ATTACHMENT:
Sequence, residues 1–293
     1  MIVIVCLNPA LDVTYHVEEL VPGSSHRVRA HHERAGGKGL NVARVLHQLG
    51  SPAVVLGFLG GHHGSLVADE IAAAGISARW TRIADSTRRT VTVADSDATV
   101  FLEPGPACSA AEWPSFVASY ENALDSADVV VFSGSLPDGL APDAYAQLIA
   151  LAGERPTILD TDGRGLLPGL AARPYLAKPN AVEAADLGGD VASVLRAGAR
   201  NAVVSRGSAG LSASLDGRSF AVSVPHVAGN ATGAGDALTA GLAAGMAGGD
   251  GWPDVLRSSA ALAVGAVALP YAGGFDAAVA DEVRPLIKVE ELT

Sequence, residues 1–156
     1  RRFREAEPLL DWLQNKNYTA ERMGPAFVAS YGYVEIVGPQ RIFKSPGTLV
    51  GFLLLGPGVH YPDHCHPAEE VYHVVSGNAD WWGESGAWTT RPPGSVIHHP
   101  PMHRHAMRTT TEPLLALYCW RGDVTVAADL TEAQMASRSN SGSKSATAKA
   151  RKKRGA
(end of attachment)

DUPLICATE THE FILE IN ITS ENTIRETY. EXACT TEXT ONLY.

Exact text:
Sequence, residues 1–293
     1  MIVIVCLNPA LDVTYHVEEL VPGSSHRVRA HHERAGGKGL NVARVLHQLG
    51  SPAVVLGFLG GHHGSLVADE IAAAGISARW TRIADSTRRT VTVADSDATV
   101  FLEPGPACSA AEWPSFVASY ENALDSADVV VFSGSLPDGL APDAYAQLIA
   151  LAGERPTILD TDGRGLLPGL AARPYLAKPN AVEAADLGGD VASVLRAGAR
   201  NAVVSRGSAG LSASLDGRSF AVSVPHVAGN ATGAGDALTA GLAAGMAGGD
   251  GWPDVLRSSA ALAVGAVALP YAGGFDAAVA DEVRPLIKVE ELT

Sequence, residues 1–156
     1  RRFREAEPLL DWLQNKNYTA ERMGPAFVAS YGYVEIVGPQ RIFKSPGTLV
    51  GFLLLGPGVH YPDHCHPAEE VYHVVSGNAD WWGESGAWTT RPPGSVIHHP
   101  PMHRHAMRTT TEPLLALYCW RGDVTVAADL TEAQMASRSN SGSKSATAKA
   151  RKKRGA